• These regulations require UK cryptoasset firms to register with the Financial Conduct Authority (FCA) and to implement anti-money laundering (AML) and counter-terrorist financing (CTF) measures.
    • From 1 September 2023, cryptoasset businesses in the UK are required to collect, verify, and share information about cryptoasset transfers under the Travel Rule. This rule mirrors the requirements for fiat transactions in the banking and payments sector. However, it has proven difficult for the industry to implement a widely agreed information layer for compliance purposes.
  • The Proceeds of Crime Act 2002 (POCA): This act can be used to prosecute individuals who use cryptoassets to launder money or finance terrorism.
  • The Financial Services and Markets Act 2023 (FSMA 2023): This introduces wide-ranging changes to the UK regulatory framework and further separates the UK from the EU financial services regime that it retained in the immediate aftermath of Brexit.
  • FSMA 2023 also permits a new Designated Activities Regime (DAR):
    • Giving new rule-making powers to the FCA and also, novelly, to HM Treasury.
    • The DAR allows for existing financial services regulation to be modified to accommodate new designated activities that are not considered to fit within FSMA 2000 and the UK Regulated Activities Order.
    • The DAR will initially cover activities relating to financial markets exchanges, instruments, products and investments currently provided for in retained EU law.
    • DAR is likely to be used for cryptoasset activities that cannot be put within existing (or suitably modified) financial promotion, payments, e-money, investment and other regulated activities.


Proposed UK Authorisation Regime for Cryptoasset Service Providers

The UK government is currently considering several proposals to strengthen the regulation of cryptoassets, including:

  • A licensing regime for cryptoasset firms: This would require all cryptoasset firms to obtain a license from the FCA:

“An amendment to the RAO power, Section 22(4) of FSMA, made through the FS&M Bill affirms the use of the RAO power for the financial services regulation of cryptoassets. This clarifies that persons (natural or legal) who are carrying out certain activities involving cryptoassets “by way of business” would be performing regulated activities and therefore require authorisation under Part 4A of FSMA. It would also mean that the FCA’s general rule making powers would be available, allowing the FCA to design regulatory regimes for newly added activities.”

UK: Calls for Evidence Cryptoassets & Stablecoins

(See Summary below)

  • The current intention is not to include all cryptoassets within the definition of ‘financial instruments’ for MiFID purposes (although they are treated as specified investments for financial promotion purposes). Instead, HM Treasury is expected to use the new DAR regime powers to regulate (or prohibit) certain cryptoasset activities where they do not fall within the existing financial services regulatory perimeter.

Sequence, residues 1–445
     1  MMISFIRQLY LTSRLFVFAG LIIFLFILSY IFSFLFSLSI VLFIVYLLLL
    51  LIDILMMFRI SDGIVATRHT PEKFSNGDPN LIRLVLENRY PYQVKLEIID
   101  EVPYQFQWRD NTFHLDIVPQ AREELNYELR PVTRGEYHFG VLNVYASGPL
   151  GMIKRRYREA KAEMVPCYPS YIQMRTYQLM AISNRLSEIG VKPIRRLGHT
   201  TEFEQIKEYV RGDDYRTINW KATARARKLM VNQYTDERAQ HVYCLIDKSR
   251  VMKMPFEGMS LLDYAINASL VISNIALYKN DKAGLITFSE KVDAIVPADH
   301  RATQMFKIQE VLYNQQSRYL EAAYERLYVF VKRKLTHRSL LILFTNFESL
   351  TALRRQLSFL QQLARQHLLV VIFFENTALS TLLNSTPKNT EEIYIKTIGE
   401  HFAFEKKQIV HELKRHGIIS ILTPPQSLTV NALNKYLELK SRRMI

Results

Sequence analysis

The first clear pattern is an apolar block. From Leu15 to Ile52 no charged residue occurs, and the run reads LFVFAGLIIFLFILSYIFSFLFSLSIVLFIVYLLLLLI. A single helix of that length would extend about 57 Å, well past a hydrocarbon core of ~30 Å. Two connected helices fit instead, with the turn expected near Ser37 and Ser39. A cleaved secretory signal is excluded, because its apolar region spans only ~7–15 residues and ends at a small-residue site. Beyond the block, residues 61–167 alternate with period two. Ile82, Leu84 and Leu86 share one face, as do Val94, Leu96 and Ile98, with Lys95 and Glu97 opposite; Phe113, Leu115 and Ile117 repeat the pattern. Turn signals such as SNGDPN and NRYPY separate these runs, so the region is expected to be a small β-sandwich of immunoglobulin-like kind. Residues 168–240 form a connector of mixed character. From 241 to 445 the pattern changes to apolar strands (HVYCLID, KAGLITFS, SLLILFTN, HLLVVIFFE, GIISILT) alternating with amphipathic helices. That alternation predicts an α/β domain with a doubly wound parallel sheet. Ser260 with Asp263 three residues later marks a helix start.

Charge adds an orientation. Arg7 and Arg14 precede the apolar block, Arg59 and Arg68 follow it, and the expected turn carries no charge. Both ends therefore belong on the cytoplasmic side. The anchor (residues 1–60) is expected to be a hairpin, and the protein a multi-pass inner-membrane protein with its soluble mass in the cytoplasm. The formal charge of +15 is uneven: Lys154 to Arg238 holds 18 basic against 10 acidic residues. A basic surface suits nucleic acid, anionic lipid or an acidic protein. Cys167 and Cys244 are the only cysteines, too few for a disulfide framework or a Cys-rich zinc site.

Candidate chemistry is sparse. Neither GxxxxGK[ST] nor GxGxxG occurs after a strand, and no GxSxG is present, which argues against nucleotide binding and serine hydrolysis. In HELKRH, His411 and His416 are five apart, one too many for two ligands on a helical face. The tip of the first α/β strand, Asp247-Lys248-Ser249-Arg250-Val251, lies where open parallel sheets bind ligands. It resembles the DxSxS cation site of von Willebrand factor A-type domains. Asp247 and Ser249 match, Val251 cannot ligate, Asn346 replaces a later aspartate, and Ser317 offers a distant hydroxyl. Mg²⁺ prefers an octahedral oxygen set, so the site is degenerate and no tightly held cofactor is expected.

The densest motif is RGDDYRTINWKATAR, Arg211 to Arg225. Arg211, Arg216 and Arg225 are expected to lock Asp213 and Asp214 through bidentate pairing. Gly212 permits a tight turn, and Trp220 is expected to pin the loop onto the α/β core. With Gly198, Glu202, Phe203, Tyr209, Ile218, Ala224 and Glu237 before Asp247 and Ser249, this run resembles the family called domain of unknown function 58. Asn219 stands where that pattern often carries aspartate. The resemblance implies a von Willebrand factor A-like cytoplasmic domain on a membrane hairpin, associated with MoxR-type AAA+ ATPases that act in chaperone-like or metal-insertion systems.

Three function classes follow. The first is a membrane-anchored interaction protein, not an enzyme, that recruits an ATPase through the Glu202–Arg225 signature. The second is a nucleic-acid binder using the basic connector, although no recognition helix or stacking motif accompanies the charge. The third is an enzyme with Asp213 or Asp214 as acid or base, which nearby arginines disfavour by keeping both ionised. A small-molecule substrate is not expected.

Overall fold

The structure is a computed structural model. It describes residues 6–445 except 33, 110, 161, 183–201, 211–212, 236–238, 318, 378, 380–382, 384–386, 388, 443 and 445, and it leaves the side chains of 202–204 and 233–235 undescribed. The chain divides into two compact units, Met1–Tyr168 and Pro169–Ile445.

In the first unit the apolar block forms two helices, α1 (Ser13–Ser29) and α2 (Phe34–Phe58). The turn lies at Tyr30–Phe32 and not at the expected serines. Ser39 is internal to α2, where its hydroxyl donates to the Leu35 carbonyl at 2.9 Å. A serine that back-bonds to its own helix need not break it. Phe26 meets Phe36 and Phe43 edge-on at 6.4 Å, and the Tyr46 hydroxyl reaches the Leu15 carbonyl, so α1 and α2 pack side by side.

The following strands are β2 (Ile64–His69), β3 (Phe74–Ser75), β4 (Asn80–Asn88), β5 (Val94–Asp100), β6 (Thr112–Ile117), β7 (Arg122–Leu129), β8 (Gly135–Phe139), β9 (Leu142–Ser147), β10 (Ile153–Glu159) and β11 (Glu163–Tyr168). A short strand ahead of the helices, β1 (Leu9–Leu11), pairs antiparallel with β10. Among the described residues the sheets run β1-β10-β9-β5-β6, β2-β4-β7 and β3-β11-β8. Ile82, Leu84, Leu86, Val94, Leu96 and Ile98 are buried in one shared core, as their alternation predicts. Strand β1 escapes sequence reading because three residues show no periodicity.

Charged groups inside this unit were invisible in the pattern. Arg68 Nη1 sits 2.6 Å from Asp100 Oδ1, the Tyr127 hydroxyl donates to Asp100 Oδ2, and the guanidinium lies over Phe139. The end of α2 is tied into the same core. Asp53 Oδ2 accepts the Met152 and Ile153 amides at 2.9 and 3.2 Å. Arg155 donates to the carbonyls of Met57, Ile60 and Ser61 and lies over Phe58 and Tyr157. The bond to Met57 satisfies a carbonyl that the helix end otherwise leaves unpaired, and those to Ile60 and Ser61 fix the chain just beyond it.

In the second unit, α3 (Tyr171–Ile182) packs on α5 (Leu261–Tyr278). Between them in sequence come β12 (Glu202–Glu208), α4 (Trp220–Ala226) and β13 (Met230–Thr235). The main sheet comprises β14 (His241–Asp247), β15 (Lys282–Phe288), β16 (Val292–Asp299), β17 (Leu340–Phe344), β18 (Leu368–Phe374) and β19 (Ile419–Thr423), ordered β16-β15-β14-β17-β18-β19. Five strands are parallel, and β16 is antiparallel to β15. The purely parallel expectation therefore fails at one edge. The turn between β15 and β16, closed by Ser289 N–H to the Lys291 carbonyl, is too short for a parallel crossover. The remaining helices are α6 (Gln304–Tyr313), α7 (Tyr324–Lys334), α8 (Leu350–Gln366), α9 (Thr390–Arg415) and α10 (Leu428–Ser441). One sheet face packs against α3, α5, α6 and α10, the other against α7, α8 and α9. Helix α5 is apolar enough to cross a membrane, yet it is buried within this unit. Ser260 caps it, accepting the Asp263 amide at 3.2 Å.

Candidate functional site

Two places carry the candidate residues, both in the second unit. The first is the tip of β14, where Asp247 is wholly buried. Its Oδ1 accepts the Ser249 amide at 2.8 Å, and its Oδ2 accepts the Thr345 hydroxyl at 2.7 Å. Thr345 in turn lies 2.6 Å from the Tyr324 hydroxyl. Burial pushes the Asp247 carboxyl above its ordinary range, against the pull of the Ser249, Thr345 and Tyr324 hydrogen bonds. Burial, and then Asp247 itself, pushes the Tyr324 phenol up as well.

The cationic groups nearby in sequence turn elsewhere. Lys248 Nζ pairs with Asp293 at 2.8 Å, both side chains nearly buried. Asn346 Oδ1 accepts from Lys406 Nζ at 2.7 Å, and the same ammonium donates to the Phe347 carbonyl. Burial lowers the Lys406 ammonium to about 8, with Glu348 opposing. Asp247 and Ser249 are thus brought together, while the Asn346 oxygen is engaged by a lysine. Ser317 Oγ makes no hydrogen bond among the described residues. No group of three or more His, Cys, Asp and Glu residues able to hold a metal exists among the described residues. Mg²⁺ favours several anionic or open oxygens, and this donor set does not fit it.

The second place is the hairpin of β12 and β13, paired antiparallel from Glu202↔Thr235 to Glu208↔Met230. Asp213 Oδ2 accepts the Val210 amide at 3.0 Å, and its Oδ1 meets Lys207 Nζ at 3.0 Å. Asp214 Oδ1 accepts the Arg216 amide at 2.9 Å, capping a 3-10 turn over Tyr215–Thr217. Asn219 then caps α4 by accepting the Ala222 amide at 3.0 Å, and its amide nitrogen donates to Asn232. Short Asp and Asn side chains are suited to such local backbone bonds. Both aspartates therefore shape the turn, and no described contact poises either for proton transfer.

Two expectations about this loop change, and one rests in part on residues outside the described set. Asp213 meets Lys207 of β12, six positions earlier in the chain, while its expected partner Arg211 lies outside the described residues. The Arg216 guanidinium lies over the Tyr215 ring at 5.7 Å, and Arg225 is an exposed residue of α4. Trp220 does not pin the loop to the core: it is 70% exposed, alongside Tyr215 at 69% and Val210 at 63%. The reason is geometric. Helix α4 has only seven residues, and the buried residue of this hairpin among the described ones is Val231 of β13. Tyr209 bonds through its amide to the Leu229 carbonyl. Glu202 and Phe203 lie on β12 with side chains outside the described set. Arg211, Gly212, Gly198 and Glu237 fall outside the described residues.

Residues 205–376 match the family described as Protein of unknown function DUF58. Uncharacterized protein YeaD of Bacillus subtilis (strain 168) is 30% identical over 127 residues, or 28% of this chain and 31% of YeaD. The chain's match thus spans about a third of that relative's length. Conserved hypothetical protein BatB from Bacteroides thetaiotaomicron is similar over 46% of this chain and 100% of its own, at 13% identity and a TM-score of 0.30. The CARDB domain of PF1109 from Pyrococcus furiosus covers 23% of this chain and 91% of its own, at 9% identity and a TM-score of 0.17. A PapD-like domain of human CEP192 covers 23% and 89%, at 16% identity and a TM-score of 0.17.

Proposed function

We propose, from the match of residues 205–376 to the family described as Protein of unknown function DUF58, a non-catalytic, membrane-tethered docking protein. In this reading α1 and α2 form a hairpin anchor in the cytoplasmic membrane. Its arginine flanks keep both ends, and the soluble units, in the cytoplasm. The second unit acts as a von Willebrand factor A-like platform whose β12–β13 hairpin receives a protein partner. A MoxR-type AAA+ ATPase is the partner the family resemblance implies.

The FCA’s Perimeter Guidance for Cryptoassets (PS 19/22) sets out more detail on the different types of cryptoassets and their interactions with the existing financial services regulatory perimeter.

In a separate article, we will summarise the current state of play for the proposed Digital Pound by the Bank of England.


Summary following the UK Cryptoasset Consultation

Principles for Regulations

The new regulatory regime for cryptoassets will be based on the following principles:

  • Clarity: clear and easy to understand for both businesses and consumers.
  • Proportionality: proportionate to the risks posed by different types of cryptoassets.
  • Innovation friendly: it should be designed to support innovation in the cryptoasset sector.
  • Consumer protection: it should protect consumers from fraud and other risks.


The regulation of cryptoasset issuers

  • Cryptoasset issuers should be required to hold sufficient reserves to back their tokens.
  • Cryptoasset exchanges and service providers should be required to put in place appropriate systems and controls to mitigate the various risks.


The future of cryptoassets

The government believes that cryptoassets have the potential to offer several benefits, including:

  • Fast and cheap payments
  • Increased financial inclusion
  • Innovation in the financial sector


The government also recognises that there are risks associated with cryptoassets, including:

  • Fraud and scams
  • Price volatility
  • Lack of regulation

The role of the FCA

The Financial Conduct Authority (FCA) is the UK’s financial services regulator. The FCA is responsible for protecting consumers and promoting market integrity in the financial system.

The FCA has a number of powers to regulate cryptoassets, including:

  • Authorising cryptoasset exchanges and service providers as financial firms
  • Regulating cryptoasset service providers for AML and CTF purposes
  • Regulating the promotion of cryptoassets to consumers


The FCA, and HM Treasury with its new DAR powers, will therefore be in the driving seat for the UK as it seeks to regulate cryptoassets without stifling innovation. It will be interesting to see how HM Treasury use its new powers under DAR, and how it interacts with the FCA in the regulation of cyrptoassets.


Ian Taylor (KPMG UK) and Robert Courtneidge (UK Payments Association) discuss the current state of play in an MK Fintech Partners podcast:

What is the Current State of Play of Crypto in the UK?